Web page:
Rev. L. Althouse
September 17, 2006
Background Scripture: Exodus 19:1-6; 24:3-8. Devotional Reading: Psalms 119:33-40.
What made Moses such a great leader? It was not his personal ambition, because clearly he didn’t want the job of leading the Israelites. Nor was he a great orator; in fact he had to rely on Aaron, his brother, to speak for him. Neither was Moses propelled by a sense of self-confidence: the people of Israel, he said, “will not believe me or listen to my voice…” (Ex. 4:1)
Moses’ greatest asset was his willingness to hear the call of God and listen to him. Seeing the mysterious burning bush, Moses said, “I will turn aside and see this great sight, why the bush is not burnt.” And when God called from the burning bush, he answered, “Here am I.” (Ex. 3:3,4)
Later, in the wilderness, God called him again and because Moses turned aside and listened to the voice of God, the Ten Commandments were given to Israel and to the world.
I truly believe that in various ways God calls each of us so that he may reveal himself to us. But we may be so involved in ourselves, our careers, and our toys that we turn deaf ears to those calls. And, even if we stop for a moment to consider God’s call, many of us hurry on to something else. Moses’ experience in Exodus 19 and 24 is called a theophany, an appearance or manifestation of God, something God intends for each of us. It need not come in an audible voice or arresting vision, for God can and does speak to us in many ways.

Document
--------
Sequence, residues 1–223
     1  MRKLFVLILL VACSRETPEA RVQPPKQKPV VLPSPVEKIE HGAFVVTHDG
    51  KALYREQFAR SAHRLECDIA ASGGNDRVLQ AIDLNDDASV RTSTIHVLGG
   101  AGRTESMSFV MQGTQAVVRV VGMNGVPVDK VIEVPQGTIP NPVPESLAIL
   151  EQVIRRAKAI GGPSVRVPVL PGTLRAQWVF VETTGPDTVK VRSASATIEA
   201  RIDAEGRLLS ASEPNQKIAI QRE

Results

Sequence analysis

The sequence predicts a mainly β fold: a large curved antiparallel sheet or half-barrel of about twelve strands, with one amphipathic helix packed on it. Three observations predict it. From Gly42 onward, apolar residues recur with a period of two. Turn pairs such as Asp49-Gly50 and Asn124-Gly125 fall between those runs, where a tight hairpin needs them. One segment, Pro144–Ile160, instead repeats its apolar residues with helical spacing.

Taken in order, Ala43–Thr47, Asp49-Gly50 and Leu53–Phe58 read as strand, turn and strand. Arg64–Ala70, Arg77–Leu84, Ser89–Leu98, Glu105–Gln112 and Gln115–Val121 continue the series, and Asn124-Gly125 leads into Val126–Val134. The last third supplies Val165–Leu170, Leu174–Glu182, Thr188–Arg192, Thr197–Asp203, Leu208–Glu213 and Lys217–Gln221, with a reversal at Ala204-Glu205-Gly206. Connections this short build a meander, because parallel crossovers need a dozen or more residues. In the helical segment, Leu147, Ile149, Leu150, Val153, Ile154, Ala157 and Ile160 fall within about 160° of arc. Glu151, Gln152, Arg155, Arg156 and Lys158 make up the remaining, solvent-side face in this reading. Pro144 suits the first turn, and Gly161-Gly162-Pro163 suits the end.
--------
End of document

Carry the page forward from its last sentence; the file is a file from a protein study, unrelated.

People sometimes speak of their search for God, but it is God who searches for us. When we think we have “found Him,” it is God who has been able to finally get our attention. And when we believe He has been hidden or is hiding from us, it is because we have eyes that see not, ears that hear not, brains that think not and spirits that have become dull and numb.
These words by al Ghazali challenge me: “If you are never alone with God, it is not because you are too busy; it is because you don’t care for Him, don’t like Him. And you had better face the facts.” If we really cared for God, we would listen for him and to him in our daily lives.
God’s message to Moses is not for Moses alone, but for the people of Israel: “Thus you shall… tell them what I did to the Egyptians, and how I bore you on eagles’ wings and brought you to myself.” (19:3,4)
The covenant, which he offers to Israel, is based upon what they have already experienced: God’s faithfulness in bringing them out of Egypt. Unlike Moses, most of them could not see or hear God, but they saw for themselves what God did.
God is about to give Moses the Ten Commandments, 10 commands as to what they should and shouldn’t do. But God prefaces the commandments with their remembrance of what he has already done for them and with them. Because he kept his promise, now he wants them to respond by promising to live by his law. So it also with us: his commands are not imposed on us unwillingly, but as opportunities to express our thanksgiving in what he does for us. God has given us the best of deals: he gives so much to us compared to the little he asks of us.
This prayer is from the Old Sarum Primer (1558), but it speaks to us today:
God be in my head,
And in my understanding;
God be in my eyes,
And in my looking;
God be in my mouth,
And in my speaking;
God be in my heart,
And in my thinking;
God be at my end,
And at my departing.
This farm news was published in the Sept. 13, 2006 issue of Farm World, serving Indiana, Ohio, Illinois, Kentucky, Michigan and Tennessee.